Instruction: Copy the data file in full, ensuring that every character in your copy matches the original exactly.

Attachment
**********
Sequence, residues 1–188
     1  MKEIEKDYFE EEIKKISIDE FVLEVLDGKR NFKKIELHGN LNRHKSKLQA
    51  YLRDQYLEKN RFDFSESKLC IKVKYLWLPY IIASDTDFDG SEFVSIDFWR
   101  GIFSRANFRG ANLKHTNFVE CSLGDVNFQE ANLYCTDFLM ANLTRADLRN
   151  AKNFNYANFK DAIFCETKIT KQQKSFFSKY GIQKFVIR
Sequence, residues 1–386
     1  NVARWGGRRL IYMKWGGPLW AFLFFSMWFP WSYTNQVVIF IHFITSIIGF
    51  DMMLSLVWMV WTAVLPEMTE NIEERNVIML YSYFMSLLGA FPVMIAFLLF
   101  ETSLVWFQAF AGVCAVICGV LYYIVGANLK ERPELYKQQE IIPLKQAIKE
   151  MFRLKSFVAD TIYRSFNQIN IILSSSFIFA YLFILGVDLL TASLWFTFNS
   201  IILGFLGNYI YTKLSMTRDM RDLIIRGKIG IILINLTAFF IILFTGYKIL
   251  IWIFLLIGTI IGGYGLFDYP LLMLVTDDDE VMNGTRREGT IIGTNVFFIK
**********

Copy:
Sequence, residues 1–188
     1  MKEIEKDYFE EEIKKISIDE FVLEVLDGKR NFKKIELHGN LNRHKSKLQA
    51  YLRDQYLEKN RFDFSESKLC IKVKYLWLPY IIASDTDFDG SEFVSIDFWR
   101  GIFSRANFRG ANLKHTNFVE CSLGDVNFQE ANLYCTDFLM ANLTRADLRN
   151  AKNFNYANFK DAIFCETKIT KQQKSFFSKY GIQKFVIR
Sequence, residues 1–386
     1  NVARWGGRRL IYMKWGGPLW AFLFFSMWFP WSYTNQVVIF IHFITSIIGF
    51  DMMLSLVWMV WTAVLPEMTE NIEERNVIML YSYFMSLLGA FPVMIAFLLF
   101  ETSLVWFQAF AGVCAVICGV LYYIVGANLK ERPELYKQQE IIPLKQAIKE
   151  MFRLKSFVAD TIYRSFNQIN IILSSSFIFA YLFILGVDLL TASLWFTFNS
   201  IILGFLGNYI YTKLSMTRDM RDLIIRGKIG IILINLTAFF IILFTGYKIL
   251  IWIFLLIGTI IGGYGLFDYP LLMLVTDDDE VMNGTRREGT IIGTNVFFIK